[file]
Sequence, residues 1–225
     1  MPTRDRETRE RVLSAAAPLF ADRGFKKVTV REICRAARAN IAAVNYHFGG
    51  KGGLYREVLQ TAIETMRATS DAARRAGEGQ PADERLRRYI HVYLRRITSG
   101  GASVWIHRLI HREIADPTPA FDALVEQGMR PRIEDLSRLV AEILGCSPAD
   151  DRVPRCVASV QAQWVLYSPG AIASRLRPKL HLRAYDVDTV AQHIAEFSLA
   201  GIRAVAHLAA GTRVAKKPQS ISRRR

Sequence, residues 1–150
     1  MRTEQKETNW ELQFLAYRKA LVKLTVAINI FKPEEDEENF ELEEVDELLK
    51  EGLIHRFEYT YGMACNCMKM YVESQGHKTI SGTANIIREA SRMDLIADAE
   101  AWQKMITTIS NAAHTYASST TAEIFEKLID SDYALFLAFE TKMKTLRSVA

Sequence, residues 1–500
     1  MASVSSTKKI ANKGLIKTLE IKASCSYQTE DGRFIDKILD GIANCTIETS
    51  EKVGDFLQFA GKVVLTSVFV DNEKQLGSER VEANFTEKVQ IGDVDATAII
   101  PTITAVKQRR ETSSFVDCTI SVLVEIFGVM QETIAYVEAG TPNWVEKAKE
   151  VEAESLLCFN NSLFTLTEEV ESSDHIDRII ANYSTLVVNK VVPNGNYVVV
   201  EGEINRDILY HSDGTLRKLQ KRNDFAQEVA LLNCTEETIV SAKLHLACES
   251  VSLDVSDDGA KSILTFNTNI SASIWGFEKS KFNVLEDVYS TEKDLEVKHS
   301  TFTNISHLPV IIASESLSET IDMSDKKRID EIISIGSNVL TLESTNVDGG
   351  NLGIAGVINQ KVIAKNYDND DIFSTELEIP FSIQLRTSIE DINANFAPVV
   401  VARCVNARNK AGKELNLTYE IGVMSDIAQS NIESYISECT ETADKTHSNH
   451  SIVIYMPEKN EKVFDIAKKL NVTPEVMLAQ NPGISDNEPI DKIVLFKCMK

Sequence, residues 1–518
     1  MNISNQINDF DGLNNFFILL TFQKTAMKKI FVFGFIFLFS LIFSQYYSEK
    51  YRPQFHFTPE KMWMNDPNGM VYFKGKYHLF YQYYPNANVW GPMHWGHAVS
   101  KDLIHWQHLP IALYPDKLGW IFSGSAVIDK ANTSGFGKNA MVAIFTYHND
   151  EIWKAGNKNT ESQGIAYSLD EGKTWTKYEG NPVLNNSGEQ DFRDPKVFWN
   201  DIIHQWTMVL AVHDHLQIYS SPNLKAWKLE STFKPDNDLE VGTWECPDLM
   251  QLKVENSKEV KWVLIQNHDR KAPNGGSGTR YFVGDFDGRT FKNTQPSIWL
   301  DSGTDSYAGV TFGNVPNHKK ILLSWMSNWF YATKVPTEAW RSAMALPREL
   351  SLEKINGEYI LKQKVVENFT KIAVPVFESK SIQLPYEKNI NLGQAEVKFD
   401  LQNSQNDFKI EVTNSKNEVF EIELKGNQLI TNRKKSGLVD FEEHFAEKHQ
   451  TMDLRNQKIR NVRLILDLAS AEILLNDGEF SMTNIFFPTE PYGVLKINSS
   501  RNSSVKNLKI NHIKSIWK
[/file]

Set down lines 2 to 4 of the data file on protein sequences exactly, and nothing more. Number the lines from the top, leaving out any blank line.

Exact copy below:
     1  MPTRDRETRE RVLSAAAPLF ADRGFKKVTV REICRAARAN IAAVNYHFGG
    51  KGGLYREVLQ TAIETMRATS DAARRAGEGQ PADERLRRYI HVYLRRITSG
   101  GASVWIHRLI HREIADPTPA FDALVEQGMR PRIEDLSRLV AEILGCSPAD